Flue Gas Carbon Capture Project

Mountaineer Station, WV
Koch Modular was engaged for the design of a modular pilot plant system as part of the first ever operating carbon capture and storage facility.

The system was installed at a pulverized coal-fueled power plant where the captured carbon dioxide (CO2) is injected underground for permanent storage. In addition to resulting in low release of the ammonium carbonate solvent used during the carbon capture process, this system achieves high CO2 removal rates.

Koch Modular was selected as the supplier of this first of its kind pilot plant system due to their successful experience in overcoming core challenges associated with designing modular systems and CO2 removal.


Among the core challenges of this system was designing it such that it accommodates a broad range of operating conditions. Additionally, the tendency of the ammonium carbonate solvent to form solids at low temperatures and in stagnant spots made proper temperature control and piping design essential. The materials of construction also necessitated careful consideration due to certain high temperature areas requiring the use of higher alloys than regular stainless steel.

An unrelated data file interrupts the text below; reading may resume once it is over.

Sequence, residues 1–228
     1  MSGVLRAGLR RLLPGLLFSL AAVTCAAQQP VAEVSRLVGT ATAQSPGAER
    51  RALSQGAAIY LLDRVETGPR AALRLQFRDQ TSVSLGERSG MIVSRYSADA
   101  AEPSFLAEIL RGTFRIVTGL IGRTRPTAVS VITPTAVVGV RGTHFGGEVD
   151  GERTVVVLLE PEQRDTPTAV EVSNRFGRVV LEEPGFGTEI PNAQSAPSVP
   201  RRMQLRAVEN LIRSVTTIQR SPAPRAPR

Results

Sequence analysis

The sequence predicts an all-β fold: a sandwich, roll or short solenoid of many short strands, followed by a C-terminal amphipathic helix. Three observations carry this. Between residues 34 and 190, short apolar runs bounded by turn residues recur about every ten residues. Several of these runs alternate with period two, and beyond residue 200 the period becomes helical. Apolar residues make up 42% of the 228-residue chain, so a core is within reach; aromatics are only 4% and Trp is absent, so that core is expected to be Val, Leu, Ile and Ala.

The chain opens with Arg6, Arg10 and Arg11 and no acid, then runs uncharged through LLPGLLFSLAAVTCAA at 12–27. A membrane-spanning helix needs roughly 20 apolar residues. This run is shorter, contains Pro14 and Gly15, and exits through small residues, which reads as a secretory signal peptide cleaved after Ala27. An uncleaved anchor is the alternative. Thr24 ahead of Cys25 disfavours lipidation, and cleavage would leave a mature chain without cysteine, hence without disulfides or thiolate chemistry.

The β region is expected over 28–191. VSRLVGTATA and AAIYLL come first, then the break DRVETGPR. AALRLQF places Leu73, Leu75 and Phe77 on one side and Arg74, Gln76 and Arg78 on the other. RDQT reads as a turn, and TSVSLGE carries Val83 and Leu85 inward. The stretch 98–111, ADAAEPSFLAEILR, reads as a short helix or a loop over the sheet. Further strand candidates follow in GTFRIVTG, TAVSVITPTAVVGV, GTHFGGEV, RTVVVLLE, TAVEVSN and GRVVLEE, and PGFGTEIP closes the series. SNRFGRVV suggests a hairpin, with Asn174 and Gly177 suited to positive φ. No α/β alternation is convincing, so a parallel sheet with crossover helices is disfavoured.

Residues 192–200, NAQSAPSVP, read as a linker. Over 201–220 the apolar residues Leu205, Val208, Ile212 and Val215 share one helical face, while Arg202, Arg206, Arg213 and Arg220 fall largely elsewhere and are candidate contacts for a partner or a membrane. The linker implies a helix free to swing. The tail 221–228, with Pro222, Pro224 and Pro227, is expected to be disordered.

Koch Modular provided a multi-module flue gas carbon capture system including solvent regeneration and recovery. The process first absorbs the CO2 using an ammonium carbonate solvent. The CO2 is then stripped out from the solvent in a regenerator, converting the ammonium bicarbonate back into ammonium carbonate. The latter is returned to the CO2 absorber, thus completing the solvent cycle.


The modular design allowed for the client to concentrate, with minimal interruption, on the engineering, infrastructure and on-site construction activities pertaining to this greenfield project. Furthermore, the use of modules substantially reduced the site labor requirement and shortened project schedule.

Despite the complexity of the equipment, the system provided by Koch Modular was the most trouble-free section of the client’s plant due to engineers capturing special design features to ensure smooth operation of the unit.

Ultimately, the pilot unit was run by the client for two years to test their carbon capture and storage concept. Up to 300 tons a day of CO2 was compressed, injected and sequestered between layers of rock deep underground, and the project was deemed a complete success.